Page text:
What to See in England
By Gordon Home

Presented by

Public Domain Books

Grasmere and Rydal Mount


=How to get there.=–Train from Euston. L. and N.W. Railway. =Nearest Station.=–Ambleside (4 miles from Grasmere). =Distance from London.=–260 miles. =Average Time.=–Varies between 6 to 8 hours.

                     1st       2nd     3rd
=Fares.=–Single  39s. 0d.  25s. 2d.   23s.
          Return  76s. 4d.  49s. 4d.   45s.

=Accommodation Obtainable.=–"Prince of Wales Hotel,” on lake,
  1/2 mile from village. “Rothay Hotel,” near church. “Red Lion
  Hotel,” “Mossgrove” (Temperance), “Grasmere Hotel” (Temperance),
  all in village. No inn at Rydal village.
=Alternative Route.=–Train from St. Pancras. Midland Railway.

Grasmere is the name of a village and lake in Westmorland, about 3 miles north-west of Ambleside. The lovely village, beautifully situated at the head of the lake, has an old church containing the grave of Wordsworth. Wordsworth’s cottage (a charge of 6d. is made for admission) is only half a mile from the church. It is restored, as far as possible, to its condition in Wordsworth’s day, and contains a number of relics of the poet’s family. The lake, a mile in length, and surrounded by mountains, forms one of the most beautiful scenes in England. Wordsworth afterwards removed to Rydal Mount (two or three miles off), which place remains especially associated with his memory. It is a somewhat remarkable fact that this quiet and thoughtful interpreter of nature was in the early years of his life, while going on a pedestrian tour through France, thrust into the early fervours of its great Revolution. Wordsworth’s sympathy with the aims of the Gironde party might have cost him his life, for many of his friends in Paris suffered death, but happily circumstances caused him to return to England. It was his noble sister Dorothy, his constant and devoted companion, who met him on his return from Paris, broken-hearted, and induced him to return to nature.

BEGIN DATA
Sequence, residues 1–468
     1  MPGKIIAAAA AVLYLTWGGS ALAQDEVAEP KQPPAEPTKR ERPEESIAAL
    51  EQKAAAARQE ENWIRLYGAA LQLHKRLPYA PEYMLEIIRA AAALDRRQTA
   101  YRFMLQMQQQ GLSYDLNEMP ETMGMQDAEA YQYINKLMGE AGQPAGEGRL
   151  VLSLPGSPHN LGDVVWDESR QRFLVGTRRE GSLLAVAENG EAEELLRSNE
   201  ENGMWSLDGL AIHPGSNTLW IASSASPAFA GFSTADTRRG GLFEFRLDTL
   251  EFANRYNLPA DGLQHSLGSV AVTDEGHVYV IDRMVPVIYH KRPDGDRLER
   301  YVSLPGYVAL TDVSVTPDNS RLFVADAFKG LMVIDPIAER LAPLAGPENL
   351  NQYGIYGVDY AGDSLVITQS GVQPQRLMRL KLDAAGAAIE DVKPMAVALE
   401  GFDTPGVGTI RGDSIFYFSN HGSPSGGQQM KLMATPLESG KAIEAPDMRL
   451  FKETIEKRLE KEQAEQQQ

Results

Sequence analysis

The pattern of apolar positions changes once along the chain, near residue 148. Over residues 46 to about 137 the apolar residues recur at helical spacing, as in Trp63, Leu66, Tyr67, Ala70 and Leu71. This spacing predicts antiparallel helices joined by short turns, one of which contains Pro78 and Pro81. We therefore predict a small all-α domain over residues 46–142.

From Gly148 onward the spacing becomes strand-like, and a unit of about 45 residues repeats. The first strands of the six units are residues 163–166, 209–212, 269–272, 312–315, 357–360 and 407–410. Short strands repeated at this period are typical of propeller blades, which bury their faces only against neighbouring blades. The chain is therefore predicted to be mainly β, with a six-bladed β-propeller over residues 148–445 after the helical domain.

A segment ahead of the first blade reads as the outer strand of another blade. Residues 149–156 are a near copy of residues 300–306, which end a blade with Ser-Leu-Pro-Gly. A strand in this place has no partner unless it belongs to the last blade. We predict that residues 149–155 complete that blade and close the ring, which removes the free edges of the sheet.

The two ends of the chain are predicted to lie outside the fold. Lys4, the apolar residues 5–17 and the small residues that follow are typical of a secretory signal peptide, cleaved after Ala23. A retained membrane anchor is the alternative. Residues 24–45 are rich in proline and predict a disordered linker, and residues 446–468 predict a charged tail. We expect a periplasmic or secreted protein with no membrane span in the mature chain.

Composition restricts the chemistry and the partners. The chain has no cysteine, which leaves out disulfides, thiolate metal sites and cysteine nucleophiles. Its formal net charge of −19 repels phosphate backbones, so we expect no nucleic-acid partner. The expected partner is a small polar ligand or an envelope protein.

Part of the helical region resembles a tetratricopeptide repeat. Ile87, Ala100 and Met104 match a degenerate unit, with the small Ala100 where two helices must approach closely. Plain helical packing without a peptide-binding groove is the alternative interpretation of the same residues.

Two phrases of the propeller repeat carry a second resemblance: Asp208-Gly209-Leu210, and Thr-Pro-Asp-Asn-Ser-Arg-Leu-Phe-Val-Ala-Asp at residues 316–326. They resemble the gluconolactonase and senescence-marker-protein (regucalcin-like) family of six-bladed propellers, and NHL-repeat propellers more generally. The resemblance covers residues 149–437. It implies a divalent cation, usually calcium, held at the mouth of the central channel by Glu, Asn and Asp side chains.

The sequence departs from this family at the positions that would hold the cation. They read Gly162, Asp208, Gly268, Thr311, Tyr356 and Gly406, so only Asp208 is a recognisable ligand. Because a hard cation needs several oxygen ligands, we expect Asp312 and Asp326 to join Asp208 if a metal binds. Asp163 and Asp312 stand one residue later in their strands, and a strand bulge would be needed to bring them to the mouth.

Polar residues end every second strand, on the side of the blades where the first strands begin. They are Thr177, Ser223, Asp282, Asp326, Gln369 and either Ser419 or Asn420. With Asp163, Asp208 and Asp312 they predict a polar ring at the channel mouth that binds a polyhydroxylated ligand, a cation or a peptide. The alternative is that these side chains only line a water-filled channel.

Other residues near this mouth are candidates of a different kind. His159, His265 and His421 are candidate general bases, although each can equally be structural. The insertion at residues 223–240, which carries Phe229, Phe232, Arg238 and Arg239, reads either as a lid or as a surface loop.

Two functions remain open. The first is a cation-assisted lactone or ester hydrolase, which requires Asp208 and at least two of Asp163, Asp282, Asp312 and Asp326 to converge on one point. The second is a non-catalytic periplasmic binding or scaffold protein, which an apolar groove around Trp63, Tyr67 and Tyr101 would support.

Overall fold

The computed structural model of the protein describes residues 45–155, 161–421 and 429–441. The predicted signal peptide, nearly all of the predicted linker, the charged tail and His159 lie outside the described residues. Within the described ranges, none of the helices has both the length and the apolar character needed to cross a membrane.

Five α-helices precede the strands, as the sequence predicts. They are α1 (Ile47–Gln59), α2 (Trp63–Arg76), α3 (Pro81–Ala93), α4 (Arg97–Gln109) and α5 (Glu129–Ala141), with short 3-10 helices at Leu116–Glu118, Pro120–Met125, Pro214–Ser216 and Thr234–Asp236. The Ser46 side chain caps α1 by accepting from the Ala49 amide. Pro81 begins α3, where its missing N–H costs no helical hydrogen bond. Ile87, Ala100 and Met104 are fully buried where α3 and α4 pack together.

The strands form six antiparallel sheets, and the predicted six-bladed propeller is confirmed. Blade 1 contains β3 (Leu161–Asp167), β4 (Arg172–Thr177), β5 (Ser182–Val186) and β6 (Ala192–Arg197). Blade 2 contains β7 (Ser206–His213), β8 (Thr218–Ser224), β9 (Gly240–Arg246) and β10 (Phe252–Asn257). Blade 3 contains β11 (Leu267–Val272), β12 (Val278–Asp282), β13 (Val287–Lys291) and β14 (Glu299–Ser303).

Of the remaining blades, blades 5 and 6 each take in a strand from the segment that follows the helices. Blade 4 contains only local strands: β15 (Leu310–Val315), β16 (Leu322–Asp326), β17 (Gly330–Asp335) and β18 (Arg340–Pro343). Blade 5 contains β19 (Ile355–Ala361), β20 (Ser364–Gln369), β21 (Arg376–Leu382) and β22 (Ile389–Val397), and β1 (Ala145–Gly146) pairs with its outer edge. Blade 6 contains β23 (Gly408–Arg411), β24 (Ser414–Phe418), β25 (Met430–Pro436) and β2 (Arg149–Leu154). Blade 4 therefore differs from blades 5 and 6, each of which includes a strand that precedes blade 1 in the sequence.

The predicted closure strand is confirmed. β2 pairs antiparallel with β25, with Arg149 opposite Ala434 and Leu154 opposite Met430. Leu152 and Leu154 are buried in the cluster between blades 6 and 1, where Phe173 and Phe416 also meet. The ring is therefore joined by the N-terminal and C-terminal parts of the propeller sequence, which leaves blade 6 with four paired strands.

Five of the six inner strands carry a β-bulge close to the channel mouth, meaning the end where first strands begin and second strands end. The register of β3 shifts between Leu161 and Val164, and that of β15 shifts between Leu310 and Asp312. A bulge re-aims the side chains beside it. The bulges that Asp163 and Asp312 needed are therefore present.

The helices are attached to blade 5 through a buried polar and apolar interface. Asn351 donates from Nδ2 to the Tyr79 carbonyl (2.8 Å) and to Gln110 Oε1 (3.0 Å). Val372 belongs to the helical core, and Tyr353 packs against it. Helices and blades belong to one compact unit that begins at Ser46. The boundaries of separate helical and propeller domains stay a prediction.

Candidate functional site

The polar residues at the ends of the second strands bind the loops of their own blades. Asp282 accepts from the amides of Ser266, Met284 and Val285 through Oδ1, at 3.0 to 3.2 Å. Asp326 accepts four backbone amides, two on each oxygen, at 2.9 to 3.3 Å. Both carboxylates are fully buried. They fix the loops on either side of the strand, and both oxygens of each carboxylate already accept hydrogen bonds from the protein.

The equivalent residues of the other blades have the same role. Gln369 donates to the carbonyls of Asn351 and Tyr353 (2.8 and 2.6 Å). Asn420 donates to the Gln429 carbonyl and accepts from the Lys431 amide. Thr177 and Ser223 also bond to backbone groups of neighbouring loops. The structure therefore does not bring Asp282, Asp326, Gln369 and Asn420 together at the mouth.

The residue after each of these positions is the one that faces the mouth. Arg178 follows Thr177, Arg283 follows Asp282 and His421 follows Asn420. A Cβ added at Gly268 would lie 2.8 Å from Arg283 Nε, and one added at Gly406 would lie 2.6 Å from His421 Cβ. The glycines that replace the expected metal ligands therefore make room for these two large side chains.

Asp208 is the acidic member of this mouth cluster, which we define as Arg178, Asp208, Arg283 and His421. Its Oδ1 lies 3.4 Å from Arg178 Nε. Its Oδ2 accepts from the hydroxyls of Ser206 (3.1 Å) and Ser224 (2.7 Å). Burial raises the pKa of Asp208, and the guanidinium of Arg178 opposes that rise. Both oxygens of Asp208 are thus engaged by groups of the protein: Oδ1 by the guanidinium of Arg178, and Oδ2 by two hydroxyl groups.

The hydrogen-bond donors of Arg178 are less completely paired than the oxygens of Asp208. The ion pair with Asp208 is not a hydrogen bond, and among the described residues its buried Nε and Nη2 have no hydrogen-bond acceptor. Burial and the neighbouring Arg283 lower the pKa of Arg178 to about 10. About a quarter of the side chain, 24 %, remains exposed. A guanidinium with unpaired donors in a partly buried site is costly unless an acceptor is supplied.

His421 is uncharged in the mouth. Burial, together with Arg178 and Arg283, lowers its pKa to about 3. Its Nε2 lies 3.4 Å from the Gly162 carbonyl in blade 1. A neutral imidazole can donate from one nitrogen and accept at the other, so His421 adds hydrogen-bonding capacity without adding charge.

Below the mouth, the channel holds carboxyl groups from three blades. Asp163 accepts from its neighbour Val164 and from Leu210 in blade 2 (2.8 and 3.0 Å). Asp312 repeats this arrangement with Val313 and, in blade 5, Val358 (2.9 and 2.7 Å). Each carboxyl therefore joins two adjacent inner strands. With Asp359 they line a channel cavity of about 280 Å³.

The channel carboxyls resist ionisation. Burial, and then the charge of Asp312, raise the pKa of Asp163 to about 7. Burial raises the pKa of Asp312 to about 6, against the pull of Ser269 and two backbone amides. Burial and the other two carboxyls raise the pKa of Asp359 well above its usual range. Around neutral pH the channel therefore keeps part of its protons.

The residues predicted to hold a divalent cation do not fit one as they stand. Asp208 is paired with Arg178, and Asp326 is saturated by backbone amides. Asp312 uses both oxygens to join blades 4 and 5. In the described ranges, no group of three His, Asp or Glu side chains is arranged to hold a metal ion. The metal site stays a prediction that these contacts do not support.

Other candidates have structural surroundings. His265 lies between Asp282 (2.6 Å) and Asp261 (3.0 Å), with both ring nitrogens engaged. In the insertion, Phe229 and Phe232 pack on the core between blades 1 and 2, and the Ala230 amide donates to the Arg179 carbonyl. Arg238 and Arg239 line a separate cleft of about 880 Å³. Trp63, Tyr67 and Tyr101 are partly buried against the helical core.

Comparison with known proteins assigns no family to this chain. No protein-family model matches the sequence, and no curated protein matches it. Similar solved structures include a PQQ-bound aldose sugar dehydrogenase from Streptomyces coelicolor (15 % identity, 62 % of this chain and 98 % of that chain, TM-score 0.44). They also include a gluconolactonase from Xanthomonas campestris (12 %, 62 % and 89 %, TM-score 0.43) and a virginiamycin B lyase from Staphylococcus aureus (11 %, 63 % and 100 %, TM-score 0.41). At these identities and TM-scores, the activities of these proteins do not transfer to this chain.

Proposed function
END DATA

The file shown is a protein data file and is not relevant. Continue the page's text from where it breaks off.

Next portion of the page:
Wordsworth’s poetry was not appreciated for a considerable time, but he calmly wrote on, undismayed by the ridicule poured forth on the “Lake School of Poets,” which included Coleridge and Southey, and gradually his calm and dignified descriptions of nature asserted their rightful influence. After publishing his greatest poem, The Excursion, the tide of generous appreciation set in. In 1843, Wordsworth was made Poet Laureate. His pure and fervent poetry was a protest against the diseased sentimentality of the age.

[Illustration: Photochrom Co., Ltd. RYDAL WATER.]